You open your inbox and see that you’ve made it to the final round interview stage. Hooray!
You skim through the recruiter’s email, trying to find what you consider the most important information —- scheduling your last interviews.
But you come across something that sparks a little panic. You need to provide several references.
Who are you going to pick? How do you know if they’ll say good things about you?
The reality is you don’t want to be waiting until this point to find references. You should have a shortlist of people to contact at all times.
So, in this article, we will explain who you should use as references and how you can prep them, and share a few dos and don’ts to help you sail through to an offer.
As a general rule of thumb, the best people to use as references are past managers. A manager’s reference is ultimately what the people reading the references want to hear from. Managers have the most credibility and have the ability to tell the reader of the reference what you like to manage. They also have overlooked your work and see how you work with other people.
If you can’t use a manager, try finding a team lead or someone you worked closely with. You want whoever you pick to be able to speak to your work in a positive light.
And while you can’t guarantee what these references say about you, you can ask them questions when you ask for a reference. Hop on the phone and ask them what they might say about your greatest strengths and weaknesses. If they put you in the middle of the pack, that’s probably a sign not to pick that person.
You want someone genuinely excited about the new role you might get and enthusiastic about recommending you to the company you’re applying to.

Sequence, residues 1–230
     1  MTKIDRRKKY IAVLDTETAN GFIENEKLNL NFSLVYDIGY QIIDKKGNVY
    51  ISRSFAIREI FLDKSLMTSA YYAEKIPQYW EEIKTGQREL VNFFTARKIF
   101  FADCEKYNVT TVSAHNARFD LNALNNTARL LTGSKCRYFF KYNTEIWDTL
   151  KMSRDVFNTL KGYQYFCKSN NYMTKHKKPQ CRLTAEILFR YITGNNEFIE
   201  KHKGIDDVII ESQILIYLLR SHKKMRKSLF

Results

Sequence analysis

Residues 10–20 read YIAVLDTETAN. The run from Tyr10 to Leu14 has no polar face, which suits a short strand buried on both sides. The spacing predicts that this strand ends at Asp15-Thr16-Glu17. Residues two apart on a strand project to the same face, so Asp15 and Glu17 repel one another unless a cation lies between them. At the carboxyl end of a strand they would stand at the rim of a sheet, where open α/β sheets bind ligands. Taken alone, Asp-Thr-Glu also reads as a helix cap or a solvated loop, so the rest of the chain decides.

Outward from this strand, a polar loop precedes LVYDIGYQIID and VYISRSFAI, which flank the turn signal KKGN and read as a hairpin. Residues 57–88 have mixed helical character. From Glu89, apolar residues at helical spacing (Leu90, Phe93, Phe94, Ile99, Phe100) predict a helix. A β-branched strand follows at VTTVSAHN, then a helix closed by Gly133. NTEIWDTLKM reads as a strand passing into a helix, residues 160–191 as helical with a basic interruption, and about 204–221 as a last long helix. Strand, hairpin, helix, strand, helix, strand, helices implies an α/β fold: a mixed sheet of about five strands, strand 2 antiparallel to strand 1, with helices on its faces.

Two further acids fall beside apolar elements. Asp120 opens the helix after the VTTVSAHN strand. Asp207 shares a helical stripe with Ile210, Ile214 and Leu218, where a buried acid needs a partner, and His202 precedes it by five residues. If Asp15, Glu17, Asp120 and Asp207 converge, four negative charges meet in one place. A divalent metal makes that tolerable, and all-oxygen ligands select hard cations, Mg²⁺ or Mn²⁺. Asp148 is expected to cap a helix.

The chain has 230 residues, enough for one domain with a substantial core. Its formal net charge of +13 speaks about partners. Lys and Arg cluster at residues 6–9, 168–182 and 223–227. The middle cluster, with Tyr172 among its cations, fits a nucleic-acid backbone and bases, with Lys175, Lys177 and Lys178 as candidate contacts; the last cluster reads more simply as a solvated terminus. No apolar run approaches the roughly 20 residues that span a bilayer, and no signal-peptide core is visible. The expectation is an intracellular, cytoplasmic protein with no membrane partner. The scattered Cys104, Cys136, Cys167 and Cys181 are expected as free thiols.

Once someone has agreed to be a reference for you, there are a couple of things you can do to prepare them for their chat with the hiring manager.
This will really help if the hiring manager asks them a question like, “Can you tell me about ____’s Azure experience?” While you may not have used Azure when you worked with your reference, but the reference can say, “I personally haven’t worked with them on an Azure project, but I know that at [X company], where they’re at now, they’ve really run with it.”
DO ask your references to be honest. As hard as we try, no one is perfect. References can rave about you but ask them not to seem disingenuous.
After they talk about your strengths, ask them to present a legitimate weakness. They should seem like a real reference — not a best friend. Keep in mind that your references can gauge the hiring manager’s reaction and report back to you, helping you ensure this position is the right fit.
DON’T be guarded with your references. It hurts you. Hiring managers want to speak with references, and not sharing them can seem suspicious.
If you’re concerned about a recruiting agency calling your references and wasting their time, simply ask them to hold off. But don’t tell the company you’re interviewing with that you don’t want them to call your references until you’re hired.
References can really make or break your chances of getting hired. So even if these extra steps seem tedious, they’re worth the time and effort.
Schedule a quick call to go over the job description, your resume, and your current experience. Leave time for questions. And make the process as easy as possible for your references. That way, they can present you in a great light and will be happy to do it again if you switch jobs in a few years.
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